Authenticity in Ministry

Authenticity in Ministry

This month’s Pastor Circle (our virtual small group for all ministry leaders) was all about embracing authenticity in ministry.

When we think of successful ministries, our minds go to big buildings, packed auditoriums, or massive Instagram followings. While that’s all good, that’s not what it always looks like. One of the most successful ministers in the time of Jesus was an eclectic man who preached in the desert. His name was John the Baptist.

Looking Backwards

Ancient Israel had been waiting on the arrival of their messiah for over a millennium. This world-changing news was at the forefront of every Jewish person’s mind. They were raised to anxiously await and anticipate.

Everyone assumed, logically so, that the good news would come from someone with a lot of influence. Maybe it would be a high priest, popular prophet, or Instagram influencer.  That’s not what happened. The announcement of Jesus came from an eclectic evangelist in the middle of the wilderness named John.

Our Text: Luke 2:13-14

In those days John the Baptist came, preaching in the wilderness of Judea and saying, “Repent, for the kingdom of heaven has come near.” This is he who was spoken of through the prophet Isaiah: “A voice of one calling in the wilderness, ‘Prepare the way for the Lord, make straight paths for him.’ John’s clothes were made of camel’s hair, and he had a leather belt around his waist. His food was locusts and wild honey. People went out to him from Jerusalem and all Judea and the whole region of the Jordan. Confessing their sins, they were baptized by him in the Jordan River.

Looking Inward

Let’s cut to the chase. John the Baptist selected a strange life for himself. Instead of living in a city with easy access to groceries and water, he chose to live in the wilderness. His choice to dwell in the middle of a desert seemed bizarre, but John saw it as a blessing. When our ministry feels unconventional, strange, or even weird, we should do the same! There is paramount purpose in the peculiar.

I find a lot of comfort in God’s decision to leverage John the Baptist as the frontrunner to Jesus. It teaches us that God invites unlikely people like me and you into His story.

John’s life teaches us two valuable lessons about authenticity in ministry.
1. Let God Leverage Your Weirdness 

John, with his camel fur vest, rat’s nest hair, and exotic diet (locusts and honeycomb), was the first person to preach the gospel of Jesus.

When I first became a pastor I tried to preach like the famous celebrity pastors on youtube. I would study their messages, not in order to learn scripture. Rather, I was trying to learn their skills. It was exhausting. 

In ministry, please don’t try to be anyone else. God made you with your personality, quirks, and weirdness with a specific ministry in mind for you. Your personality is part of God’s plan. Learn to love that fact. Be unapologetically authentic to who you are and how God made you — even if that’s a little weird.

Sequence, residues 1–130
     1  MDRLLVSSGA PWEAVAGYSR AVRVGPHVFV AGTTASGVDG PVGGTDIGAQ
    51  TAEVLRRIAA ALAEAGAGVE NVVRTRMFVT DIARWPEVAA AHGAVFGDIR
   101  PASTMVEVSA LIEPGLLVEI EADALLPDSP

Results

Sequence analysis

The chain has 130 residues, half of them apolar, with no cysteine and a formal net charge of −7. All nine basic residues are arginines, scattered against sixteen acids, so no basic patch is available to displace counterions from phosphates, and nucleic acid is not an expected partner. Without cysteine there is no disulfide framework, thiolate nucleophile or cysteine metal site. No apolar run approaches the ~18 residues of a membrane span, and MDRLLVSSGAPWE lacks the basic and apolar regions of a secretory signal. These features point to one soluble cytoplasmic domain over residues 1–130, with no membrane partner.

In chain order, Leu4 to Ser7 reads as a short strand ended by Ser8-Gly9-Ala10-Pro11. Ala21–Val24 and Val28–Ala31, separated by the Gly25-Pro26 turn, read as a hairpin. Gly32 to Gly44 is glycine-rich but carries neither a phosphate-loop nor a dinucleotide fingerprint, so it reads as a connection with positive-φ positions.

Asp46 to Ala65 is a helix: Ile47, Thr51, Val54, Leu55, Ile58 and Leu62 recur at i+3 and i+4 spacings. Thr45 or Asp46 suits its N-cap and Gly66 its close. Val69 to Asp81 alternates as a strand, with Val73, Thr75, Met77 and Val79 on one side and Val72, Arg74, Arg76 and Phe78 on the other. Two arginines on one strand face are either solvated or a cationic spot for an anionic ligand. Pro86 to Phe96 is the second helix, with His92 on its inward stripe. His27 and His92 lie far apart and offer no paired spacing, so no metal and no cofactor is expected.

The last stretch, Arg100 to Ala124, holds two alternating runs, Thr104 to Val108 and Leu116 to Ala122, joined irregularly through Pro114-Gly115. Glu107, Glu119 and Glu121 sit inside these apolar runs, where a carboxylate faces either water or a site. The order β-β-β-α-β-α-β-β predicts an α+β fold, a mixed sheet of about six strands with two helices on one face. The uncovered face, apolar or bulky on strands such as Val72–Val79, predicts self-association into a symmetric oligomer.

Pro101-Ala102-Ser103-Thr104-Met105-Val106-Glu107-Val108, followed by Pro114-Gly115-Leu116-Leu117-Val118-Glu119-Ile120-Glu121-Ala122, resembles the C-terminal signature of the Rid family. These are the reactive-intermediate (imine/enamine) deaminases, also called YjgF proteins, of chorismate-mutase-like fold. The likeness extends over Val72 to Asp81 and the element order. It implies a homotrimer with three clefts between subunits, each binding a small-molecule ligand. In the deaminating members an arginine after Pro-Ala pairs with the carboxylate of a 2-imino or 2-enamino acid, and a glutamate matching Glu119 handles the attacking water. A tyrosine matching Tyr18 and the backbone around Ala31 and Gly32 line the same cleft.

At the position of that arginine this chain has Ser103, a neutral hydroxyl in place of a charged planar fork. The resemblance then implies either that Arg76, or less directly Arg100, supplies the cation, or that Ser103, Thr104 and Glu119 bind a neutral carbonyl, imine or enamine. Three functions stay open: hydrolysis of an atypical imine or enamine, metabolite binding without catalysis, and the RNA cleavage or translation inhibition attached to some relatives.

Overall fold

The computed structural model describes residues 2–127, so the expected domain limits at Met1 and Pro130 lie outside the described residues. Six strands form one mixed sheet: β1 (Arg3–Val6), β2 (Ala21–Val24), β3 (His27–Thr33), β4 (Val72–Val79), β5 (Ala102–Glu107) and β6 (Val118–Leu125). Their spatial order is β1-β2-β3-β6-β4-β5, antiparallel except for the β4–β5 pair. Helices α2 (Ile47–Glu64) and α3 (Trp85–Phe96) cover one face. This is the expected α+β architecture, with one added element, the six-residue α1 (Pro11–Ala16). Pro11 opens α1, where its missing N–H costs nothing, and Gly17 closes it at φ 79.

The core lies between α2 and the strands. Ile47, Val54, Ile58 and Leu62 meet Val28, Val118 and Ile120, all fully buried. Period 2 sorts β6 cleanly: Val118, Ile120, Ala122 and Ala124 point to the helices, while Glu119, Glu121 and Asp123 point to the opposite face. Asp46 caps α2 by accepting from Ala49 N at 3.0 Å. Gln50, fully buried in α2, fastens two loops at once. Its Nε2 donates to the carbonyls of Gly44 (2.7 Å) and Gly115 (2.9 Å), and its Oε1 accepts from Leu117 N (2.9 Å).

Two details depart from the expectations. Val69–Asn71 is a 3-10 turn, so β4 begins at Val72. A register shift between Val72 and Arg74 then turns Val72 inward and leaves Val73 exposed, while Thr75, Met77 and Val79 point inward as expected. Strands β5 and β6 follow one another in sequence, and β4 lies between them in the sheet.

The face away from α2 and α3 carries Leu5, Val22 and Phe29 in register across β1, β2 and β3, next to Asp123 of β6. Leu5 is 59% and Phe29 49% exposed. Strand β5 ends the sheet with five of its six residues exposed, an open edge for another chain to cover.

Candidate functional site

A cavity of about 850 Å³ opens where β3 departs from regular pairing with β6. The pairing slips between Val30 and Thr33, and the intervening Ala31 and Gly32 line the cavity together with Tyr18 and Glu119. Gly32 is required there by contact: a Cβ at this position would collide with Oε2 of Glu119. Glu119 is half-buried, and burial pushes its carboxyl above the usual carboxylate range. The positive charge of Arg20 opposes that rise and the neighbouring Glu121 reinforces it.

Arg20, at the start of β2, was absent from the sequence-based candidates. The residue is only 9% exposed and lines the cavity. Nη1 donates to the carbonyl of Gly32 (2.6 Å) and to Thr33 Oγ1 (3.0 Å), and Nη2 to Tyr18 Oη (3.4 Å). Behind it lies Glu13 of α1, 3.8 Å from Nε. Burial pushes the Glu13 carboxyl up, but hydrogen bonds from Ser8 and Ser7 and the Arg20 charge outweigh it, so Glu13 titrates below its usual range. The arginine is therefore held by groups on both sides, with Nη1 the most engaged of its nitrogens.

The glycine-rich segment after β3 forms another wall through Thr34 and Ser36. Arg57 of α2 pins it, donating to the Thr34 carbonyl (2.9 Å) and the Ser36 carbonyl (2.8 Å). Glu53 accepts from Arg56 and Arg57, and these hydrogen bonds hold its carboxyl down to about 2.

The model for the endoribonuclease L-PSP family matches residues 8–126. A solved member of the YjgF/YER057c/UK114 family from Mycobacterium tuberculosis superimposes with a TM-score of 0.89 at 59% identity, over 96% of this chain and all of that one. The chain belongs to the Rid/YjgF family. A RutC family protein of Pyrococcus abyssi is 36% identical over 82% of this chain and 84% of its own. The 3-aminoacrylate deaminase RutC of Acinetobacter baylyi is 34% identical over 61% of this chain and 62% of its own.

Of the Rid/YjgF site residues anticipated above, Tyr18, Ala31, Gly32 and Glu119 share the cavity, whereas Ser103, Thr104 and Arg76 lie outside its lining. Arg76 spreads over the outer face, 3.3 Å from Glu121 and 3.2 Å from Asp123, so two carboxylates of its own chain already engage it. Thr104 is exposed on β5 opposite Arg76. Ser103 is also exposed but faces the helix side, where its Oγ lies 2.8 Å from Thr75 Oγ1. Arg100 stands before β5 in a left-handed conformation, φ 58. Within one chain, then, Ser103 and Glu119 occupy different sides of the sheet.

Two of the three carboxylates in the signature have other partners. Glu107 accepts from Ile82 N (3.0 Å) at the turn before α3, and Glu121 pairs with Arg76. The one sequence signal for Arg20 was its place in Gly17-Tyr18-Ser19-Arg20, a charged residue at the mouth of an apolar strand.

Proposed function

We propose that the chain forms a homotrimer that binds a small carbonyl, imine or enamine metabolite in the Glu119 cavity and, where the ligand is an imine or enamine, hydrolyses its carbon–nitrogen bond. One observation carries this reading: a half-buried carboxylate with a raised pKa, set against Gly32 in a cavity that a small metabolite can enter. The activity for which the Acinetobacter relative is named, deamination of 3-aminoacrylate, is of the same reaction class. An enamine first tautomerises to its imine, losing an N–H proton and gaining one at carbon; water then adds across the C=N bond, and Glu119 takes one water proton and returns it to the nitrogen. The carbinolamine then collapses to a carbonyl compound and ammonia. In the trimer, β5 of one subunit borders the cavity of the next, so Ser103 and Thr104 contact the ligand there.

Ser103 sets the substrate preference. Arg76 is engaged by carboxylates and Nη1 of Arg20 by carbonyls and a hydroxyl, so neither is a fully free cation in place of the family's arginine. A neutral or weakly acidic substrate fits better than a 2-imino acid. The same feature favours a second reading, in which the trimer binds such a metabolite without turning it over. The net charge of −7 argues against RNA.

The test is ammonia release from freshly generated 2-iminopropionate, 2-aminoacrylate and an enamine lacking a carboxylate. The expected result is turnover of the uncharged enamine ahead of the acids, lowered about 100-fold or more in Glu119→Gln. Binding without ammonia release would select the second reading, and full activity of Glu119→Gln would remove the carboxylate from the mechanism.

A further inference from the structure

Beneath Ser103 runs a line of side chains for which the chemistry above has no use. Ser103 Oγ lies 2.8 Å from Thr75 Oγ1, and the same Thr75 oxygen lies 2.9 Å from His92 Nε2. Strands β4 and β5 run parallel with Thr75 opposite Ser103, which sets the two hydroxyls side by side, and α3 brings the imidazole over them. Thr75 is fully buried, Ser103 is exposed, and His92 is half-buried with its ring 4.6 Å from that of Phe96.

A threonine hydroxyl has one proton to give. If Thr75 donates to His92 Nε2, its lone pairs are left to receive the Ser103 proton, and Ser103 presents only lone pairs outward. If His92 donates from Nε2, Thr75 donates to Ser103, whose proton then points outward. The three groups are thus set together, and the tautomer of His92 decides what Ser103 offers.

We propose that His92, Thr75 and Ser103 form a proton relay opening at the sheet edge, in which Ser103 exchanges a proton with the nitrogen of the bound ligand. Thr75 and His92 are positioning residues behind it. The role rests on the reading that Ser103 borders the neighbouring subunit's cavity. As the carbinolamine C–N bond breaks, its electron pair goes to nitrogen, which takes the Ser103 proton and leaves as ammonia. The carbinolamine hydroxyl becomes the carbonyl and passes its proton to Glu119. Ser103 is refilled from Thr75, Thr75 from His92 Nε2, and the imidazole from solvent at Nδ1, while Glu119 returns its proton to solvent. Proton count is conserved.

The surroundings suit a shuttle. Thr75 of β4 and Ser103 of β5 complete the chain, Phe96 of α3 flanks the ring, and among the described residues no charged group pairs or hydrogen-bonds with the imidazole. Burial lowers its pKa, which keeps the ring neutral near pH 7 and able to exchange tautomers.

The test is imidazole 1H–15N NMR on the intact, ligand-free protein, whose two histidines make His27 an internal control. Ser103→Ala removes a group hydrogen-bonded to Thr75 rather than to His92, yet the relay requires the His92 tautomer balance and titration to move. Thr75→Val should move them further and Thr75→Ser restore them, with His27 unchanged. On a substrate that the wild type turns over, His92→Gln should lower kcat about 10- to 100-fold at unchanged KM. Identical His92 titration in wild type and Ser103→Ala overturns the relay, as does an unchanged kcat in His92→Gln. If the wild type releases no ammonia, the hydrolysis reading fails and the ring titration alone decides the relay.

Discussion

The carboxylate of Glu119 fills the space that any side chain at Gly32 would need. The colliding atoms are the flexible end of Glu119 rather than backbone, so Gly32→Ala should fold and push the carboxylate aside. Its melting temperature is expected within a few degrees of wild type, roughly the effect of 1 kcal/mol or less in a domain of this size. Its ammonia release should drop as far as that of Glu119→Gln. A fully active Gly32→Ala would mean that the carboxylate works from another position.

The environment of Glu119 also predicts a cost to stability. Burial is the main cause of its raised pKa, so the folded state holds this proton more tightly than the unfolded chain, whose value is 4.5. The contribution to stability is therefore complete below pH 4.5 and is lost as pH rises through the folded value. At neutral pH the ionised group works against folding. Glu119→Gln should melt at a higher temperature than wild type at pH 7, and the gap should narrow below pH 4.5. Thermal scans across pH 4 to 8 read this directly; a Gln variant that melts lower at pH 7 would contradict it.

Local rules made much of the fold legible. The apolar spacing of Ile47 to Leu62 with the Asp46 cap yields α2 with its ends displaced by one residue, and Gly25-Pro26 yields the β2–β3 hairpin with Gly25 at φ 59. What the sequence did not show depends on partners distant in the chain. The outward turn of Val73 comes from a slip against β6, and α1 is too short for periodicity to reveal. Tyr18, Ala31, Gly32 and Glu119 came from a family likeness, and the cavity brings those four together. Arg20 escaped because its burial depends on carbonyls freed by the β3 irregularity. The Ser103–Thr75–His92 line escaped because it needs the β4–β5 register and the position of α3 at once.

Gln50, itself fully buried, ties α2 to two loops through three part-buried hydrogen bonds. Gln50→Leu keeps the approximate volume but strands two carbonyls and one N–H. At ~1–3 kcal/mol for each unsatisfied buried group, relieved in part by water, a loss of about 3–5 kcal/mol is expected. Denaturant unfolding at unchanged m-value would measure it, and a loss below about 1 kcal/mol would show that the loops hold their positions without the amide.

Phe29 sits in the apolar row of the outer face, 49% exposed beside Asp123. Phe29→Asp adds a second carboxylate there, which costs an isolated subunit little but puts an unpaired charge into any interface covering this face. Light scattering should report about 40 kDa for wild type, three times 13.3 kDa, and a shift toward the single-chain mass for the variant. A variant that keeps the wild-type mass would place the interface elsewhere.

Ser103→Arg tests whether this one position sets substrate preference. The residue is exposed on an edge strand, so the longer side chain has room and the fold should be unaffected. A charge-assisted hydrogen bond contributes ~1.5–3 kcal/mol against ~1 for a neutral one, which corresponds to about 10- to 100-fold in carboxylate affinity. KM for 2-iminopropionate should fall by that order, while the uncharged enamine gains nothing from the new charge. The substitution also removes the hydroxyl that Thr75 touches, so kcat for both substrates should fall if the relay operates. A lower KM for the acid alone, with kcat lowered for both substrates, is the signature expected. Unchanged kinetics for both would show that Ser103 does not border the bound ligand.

You don’t have to change who you are to make a massive impact for Jesus. As a matter of fact, your personality will help you experience your ultimate purpose. Your quirks cultivate your calling. Your strangeness is actually your superpower.

2. Let God Leverage Your Wilderness

Our friend John lived in the literal wilderness. He prepared the way of Jesus while living off the sandy land in a make-shift tent. While this may seem like suffering, it was actually a blessing. The desert developed him.

You may never be a wild man living off of bugs in the desert, but I am pretty certain that you are either in a wilderness season or are coming out of one. How can I know that? Because almost every pastor I know has experienced that over the last 18 months of COVID.

What do I mean by wilderness seasons? This is a time when you feel lost, confused, and find yourself asking, “God, why am I even doing this anymore?” I know many of you have felt that way, because I know I have.

The last two years have been a ministry wilderness. People feel lost and directionless. Our cities are in mourning. Attendance has been low. People stopped showing up. Pastors became YouTubers. Someone shared a harsh criticism that stung your soul.

Take an inventory of yourself and your context. When you preach, strive for vulnerability and authenticity. (Check out this resource on Personality in Preaching.) When you lead, lead from a place that owns your weirdness and wilderness. That’s the blessing of authenticity in ministry.

Watch the Message: